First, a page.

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GEAR CARE by Jamie Pang

Shoes
I confess that I usually don't wash my running shoes. Perhaps the only time I rinse them are after my marathons, and that's twice a year. Don't pinch you noses now but I think running shoes are meant to look soiled, stained and scruffed. That means you have been putting the shoes to some serious use.

Other than after the marathons, the other times when I get my shoes wet are on rainy days, when out training or racing. And unless they're caked with mud, I don't even wash my rain soaked pairs.

Shoes are basically made of synthetics, foam and rubber. All held together by stitches and glue. You treat them right and they will reward you with miles and miles of nice road trips. Think of them as your vehicle. You don't abandon your car, right? You bought them with your hard earned money and you have a pride of ownership. While caring for a car is a much more complex and expensive affair, taking care of your running shoes are not that difficult.

The following steps will guide you on how to care for your running shoes, should they get wet or too gunky.

  1. Remove the laces and insoles, and rinse the dirt off them. Don't forget to also wash all the sand and mud off the creases in the mid and outsole.
  2. Open the tongue flap and stand the shoes up to drain off excess water. Be sure not to sun-dry them. You're not producing raisins!

3. Stuff them up with wads of newsprint to absorb the water and moisture. Replace the newsprint often.When they get reasonable dry, you should continue to stand them up and air-dry them in the shade.

Completely drying a pair of shoes will take time, even in warm weather. Speeding up that process with hair dryer is not recommended, as the hot air will damage the foam and glue. That's why it's wise to have a back up pair at the ready. Not only will your runs not be disrupted, you will be able to extend your shoes' lifespan as well with rotating your shoes. It's heartening to note that more and more runners, beginners especially, have begun to adopt the practice of shoe rotation.


With another pair of shoe at ready, your run isn't disrupted while the soggy pair is being dried


Apparels (including socks)
I've never gone back to wearing cotton running apparels after moving to synthetics nearly 15 years ago. I still wear my very first Nike technical vest bought 10 years ago, to this day. Sure they cost more but the benefits outweigh the cost. Plus they're much more durable too, so you get very good ROI.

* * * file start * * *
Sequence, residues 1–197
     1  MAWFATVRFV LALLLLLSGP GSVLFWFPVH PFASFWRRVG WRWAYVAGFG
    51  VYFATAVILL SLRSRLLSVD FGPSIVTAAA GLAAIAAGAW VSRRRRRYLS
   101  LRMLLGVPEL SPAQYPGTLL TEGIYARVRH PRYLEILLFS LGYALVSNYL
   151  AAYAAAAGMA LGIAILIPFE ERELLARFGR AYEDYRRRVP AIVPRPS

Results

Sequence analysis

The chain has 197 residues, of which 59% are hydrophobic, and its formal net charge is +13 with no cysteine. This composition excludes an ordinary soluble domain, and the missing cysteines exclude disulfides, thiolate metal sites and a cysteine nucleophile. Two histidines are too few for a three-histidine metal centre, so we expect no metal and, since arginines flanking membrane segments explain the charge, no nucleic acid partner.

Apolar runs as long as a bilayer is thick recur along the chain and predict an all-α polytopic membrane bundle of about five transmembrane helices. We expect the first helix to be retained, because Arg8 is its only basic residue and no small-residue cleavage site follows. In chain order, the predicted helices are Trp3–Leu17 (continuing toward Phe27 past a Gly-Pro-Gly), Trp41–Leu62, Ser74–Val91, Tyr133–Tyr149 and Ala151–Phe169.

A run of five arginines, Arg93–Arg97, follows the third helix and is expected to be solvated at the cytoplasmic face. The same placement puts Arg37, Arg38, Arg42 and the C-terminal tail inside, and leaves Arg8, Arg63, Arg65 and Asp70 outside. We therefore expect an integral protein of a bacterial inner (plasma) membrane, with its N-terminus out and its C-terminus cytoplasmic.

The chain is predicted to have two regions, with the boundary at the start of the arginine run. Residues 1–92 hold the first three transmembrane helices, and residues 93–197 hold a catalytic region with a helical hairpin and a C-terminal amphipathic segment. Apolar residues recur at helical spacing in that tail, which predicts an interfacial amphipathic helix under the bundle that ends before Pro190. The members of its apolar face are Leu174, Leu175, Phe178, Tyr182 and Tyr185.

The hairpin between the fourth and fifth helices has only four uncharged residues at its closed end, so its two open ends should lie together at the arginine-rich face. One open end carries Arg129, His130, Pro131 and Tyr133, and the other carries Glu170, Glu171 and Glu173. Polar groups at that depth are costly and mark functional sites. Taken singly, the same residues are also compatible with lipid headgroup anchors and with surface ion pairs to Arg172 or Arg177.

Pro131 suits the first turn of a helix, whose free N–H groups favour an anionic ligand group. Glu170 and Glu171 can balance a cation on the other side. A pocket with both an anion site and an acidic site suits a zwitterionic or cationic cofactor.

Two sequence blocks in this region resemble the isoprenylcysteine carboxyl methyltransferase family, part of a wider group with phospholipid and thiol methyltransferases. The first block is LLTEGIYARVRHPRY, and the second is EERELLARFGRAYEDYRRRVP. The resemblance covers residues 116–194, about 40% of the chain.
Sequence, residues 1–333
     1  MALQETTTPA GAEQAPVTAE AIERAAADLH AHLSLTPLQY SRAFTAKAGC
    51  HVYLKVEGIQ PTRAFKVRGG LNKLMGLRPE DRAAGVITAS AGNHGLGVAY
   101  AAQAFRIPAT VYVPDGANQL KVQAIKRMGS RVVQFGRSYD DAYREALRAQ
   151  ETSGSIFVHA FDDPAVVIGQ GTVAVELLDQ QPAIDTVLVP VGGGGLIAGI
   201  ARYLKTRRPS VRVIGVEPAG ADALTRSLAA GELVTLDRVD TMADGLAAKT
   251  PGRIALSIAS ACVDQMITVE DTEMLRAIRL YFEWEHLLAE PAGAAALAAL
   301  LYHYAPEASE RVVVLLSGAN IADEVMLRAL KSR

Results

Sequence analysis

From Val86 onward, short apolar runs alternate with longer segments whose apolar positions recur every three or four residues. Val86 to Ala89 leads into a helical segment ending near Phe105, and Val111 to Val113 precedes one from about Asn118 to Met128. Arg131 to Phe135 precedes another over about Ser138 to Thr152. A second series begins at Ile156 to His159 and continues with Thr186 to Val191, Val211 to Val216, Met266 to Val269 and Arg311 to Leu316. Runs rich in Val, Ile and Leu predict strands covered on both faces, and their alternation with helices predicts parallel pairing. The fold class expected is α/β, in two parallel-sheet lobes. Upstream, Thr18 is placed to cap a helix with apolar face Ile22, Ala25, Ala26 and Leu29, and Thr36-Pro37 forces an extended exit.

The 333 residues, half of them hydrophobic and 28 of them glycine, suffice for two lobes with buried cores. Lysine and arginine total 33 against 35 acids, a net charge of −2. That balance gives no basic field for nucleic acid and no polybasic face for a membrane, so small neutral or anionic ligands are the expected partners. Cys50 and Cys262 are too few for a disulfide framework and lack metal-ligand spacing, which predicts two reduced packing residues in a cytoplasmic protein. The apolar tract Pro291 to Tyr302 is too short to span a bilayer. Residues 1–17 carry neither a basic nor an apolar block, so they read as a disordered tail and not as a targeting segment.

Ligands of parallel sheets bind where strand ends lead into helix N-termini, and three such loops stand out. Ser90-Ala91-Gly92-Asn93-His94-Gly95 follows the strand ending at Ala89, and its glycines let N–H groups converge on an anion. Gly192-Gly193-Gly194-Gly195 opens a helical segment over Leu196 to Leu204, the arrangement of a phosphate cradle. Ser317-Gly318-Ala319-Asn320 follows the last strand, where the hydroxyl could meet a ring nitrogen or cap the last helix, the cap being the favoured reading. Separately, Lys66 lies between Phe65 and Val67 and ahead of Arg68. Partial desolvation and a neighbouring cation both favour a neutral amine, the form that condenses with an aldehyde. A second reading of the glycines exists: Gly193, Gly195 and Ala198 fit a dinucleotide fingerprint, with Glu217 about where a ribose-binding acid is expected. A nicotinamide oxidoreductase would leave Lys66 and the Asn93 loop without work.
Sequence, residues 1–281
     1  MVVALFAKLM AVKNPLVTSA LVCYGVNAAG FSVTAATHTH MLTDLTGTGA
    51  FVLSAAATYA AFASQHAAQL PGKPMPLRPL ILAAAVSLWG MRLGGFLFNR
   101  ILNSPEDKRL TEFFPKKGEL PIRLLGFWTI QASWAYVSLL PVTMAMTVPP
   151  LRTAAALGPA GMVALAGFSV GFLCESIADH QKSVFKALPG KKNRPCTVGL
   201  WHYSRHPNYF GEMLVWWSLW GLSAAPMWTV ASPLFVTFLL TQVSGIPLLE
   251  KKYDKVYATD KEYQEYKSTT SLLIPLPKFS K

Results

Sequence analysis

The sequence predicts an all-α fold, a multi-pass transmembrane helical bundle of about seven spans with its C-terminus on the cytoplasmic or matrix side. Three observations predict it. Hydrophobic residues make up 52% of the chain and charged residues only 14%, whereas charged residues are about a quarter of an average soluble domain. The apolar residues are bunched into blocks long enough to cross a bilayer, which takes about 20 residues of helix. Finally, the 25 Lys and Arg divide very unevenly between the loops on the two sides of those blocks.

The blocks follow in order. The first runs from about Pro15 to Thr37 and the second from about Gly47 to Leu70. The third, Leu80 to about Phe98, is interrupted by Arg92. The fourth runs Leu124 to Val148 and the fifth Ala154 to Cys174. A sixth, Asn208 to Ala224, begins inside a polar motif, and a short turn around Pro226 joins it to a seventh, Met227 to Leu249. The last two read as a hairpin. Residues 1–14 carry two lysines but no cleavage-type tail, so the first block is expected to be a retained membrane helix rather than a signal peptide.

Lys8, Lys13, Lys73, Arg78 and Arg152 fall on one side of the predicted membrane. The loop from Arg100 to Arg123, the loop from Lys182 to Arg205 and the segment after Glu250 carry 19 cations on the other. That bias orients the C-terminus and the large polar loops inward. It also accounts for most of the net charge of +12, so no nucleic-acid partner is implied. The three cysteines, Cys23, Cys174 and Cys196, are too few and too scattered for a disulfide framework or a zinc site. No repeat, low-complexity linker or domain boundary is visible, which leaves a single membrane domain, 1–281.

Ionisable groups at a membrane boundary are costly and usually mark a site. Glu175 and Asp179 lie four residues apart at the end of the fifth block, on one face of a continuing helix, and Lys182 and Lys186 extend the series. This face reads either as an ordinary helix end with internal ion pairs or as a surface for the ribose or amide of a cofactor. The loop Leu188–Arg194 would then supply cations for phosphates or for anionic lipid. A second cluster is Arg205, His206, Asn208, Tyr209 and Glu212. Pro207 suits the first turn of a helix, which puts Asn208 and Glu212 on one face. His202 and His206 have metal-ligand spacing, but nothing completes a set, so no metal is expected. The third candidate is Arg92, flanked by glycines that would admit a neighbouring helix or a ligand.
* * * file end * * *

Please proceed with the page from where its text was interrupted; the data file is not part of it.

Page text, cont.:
Before we go to the care section, you may ask why wear synthetics? Here are some of the benefits:
  1. They're lighter. Some have reflective strips for added safety.
  2. They usually don't have stitches in awkward places that can risk chafing on your skin.
  3. They wick moisture, transferring your sweat from your skin and moving them to the outer layer, thus cooling you.
  4. They complement the way you move - technologies like Nike's FIT and adidas' Formotion come to mind.
  5. The better ones don't cling to your skin when wet.
  6. They dry faster.
  7. The better ones are constructed better reducing chances of bacteria breeding, thus post-run odour will be a thing of the past.
  8. They take up less space in your luggage since they can be easily rolled up.

As with most things, there are many grades of technical apparels, the cheaper ones are constructed from a standard piece of fabric while the more expensive ones have different gradients, strategic placements of vents and construction. Having said that, even the basic ones are better than cotton. Just take a closer look at the fabric. You'll see that the side that touches your skin is more closely knitted while the outer part is coarser. If you remember your basic science, you'll know that the close knit side allows the mopping and absorption of your sweat and the moisture is then moved to the outer layer where it's coarseness allows better evaporation. That's the capillary effect for you.

While you can afford to manhandle your shoes, technical running apparels require more TLC (tender loving care). Always look at the labels of the apparels for recommended care method. But in general, the following usually applies:
  1. Hand wash in cool water and remove immediately.
  2. Don't soak overnight.
  3. Line dry out of direct sunlight instead of squeezing it like the dhobis of olden days.
  4. Avoid softeners as they will clog up the very microfiber pores designed to cool you.
  5. Ironing is not required.
For a fantastic write up on apparel care, read this Running Times article.

Jamie Pang
June 6th 2008

 

 

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